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Exceptional as Standard
Exceptional as Standard
The Chancellor announced a number of new measures in his second Budget for 2015, many of which affect property investors resident in the UK or living overseas.
Restriction of relief for mortgage interest and finance costs
The changes announced will affect Individuals that receive rental income on residential property in the UK, or elsewhere, and incur finance costs such as mortgage interest. The exception being where the property meets all the criteria to be a furnished holiday letting.
This measure will restrict relief for finance costs on residential properties to the basic rate of income tax and will be introduced gradually from 6 April 2017. Landlords will no longer be able to deduct all of their finance costs from their property income to arrive at their property profits, but will instead receive a basic rate reduction from their income tax liability.
The changes will be phased in as follows:
Individuals will be able to claim a basic rate tax reduction from their income tax liability on the portion of finance costs not deducted in calculating the rental profit, and excess finance costs may be carried forward to following years, if the tax relief has been limited to 20% of the profits of the rental business in the year.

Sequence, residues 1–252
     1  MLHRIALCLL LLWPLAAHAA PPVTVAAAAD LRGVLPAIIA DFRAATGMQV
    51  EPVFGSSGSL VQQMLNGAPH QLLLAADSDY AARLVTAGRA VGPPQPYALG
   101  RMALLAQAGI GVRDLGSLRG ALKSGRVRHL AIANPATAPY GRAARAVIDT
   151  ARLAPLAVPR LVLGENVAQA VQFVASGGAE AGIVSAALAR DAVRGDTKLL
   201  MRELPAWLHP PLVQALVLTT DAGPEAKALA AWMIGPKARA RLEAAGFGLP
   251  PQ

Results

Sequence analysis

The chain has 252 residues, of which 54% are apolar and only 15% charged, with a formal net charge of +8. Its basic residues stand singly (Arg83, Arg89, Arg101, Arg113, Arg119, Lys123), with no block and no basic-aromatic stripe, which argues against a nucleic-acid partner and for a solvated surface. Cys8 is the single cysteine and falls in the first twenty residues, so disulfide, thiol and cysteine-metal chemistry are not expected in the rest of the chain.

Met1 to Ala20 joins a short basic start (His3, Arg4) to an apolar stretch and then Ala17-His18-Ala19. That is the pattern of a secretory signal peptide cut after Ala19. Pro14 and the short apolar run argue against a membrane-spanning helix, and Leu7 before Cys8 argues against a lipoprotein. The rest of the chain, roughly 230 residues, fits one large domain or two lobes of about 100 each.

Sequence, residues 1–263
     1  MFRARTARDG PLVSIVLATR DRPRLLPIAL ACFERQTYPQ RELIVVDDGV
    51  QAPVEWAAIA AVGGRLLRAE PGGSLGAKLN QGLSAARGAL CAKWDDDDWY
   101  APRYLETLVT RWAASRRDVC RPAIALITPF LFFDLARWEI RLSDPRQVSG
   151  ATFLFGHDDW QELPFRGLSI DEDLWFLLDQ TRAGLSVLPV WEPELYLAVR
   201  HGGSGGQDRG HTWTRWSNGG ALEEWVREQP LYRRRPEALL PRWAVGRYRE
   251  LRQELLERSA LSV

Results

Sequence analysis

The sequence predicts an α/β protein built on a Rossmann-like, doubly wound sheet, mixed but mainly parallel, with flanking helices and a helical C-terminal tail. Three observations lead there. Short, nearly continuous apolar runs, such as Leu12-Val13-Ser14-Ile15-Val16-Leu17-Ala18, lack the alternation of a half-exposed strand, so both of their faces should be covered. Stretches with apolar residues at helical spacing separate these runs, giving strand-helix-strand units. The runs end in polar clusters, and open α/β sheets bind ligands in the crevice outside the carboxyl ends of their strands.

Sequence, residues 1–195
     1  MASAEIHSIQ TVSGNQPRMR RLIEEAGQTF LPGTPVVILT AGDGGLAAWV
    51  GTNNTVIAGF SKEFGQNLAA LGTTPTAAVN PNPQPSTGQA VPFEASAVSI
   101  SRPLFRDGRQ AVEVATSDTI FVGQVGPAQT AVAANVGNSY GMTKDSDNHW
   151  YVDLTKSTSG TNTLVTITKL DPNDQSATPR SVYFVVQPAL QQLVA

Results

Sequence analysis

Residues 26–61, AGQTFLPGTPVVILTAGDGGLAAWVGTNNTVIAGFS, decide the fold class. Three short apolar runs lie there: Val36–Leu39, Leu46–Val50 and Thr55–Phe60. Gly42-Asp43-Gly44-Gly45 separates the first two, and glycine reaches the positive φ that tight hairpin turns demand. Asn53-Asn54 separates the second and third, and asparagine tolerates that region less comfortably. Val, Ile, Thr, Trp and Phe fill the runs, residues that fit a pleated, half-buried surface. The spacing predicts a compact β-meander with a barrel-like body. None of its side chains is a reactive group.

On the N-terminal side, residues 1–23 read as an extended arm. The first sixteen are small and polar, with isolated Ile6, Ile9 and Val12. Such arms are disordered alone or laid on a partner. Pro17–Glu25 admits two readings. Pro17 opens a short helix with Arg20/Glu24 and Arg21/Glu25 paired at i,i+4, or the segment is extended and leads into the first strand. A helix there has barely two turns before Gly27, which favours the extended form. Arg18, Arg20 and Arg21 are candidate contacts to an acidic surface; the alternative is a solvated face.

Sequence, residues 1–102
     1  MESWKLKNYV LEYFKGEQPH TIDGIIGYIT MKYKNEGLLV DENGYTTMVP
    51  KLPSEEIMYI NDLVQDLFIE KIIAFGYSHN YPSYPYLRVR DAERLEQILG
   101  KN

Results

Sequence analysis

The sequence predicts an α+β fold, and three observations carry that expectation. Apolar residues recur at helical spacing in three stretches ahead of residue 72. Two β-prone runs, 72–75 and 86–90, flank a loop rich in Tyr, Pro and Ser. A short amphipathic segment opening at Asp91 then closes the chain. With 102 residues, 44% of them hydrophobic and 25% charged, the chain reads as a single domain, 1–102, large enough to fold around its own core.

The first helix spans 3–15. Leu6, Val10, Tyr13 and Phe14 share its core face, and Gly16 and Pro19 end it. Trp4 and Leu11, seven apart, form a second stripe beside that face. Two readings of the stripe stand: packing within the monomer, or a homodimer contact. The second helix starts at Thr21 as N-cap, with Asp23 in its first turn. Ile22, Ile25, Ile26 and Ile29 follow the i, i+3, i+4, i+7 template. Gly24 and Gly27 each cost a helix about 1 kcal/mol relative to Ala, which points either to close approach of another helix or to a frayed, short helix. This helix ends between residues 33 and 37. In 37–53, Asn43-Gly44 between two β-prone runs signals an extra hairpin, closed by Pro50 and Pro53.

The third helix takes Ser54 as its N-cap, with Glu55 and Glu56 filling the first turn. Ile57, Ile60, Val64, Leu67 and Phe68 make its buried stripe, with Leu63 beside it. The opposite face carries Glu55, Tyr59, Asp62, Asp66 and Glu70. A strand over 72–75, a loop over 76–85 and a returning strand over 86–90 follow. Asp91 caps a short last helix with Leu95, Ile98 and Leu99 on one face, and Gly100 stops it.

Reform of the Wear and Tear Allowance
From April 2016, the government will replace the Wear and Tear Allowance with a new relief that allows all residential landlords to deduct the actual costs of replacing furnishings. Capital allowances will continue to apply for landlords of furnished holiday lets.
Increase to Rent-a-Room Relief
Having been fixed at £4,250 for some time, the government will increase the level of Rent-a-Room relief to £7,500 from April 2016.
Inheritance tax and the main residence nil-rate band
The government will introduce an additional nil-rate band when a residence is passed on death to a direct descendant. This will be £100,000 in 2017-18, £125,000 in 2018-19, £150,000 in 2019-20, and £175,000 in 2020-21. It will then increase in line with Consumer Prices Index (CPI) from 2021-22 onwards.
Any unused nil-rate band will be transferred to a surviving spouse or civil partner. It will also be available when a person downsizes or ceases to own a home on or after 8 July 2015, and assets of an equivalent value up to the value of the additional nil-rate band, are passed on death to direct descendants.
There will however be a tapered withdrawal of the additional nil-rate band for estates with a net value of more than £2 million. This will be at a withdrawal rate of £1 for every £2 over this threshold.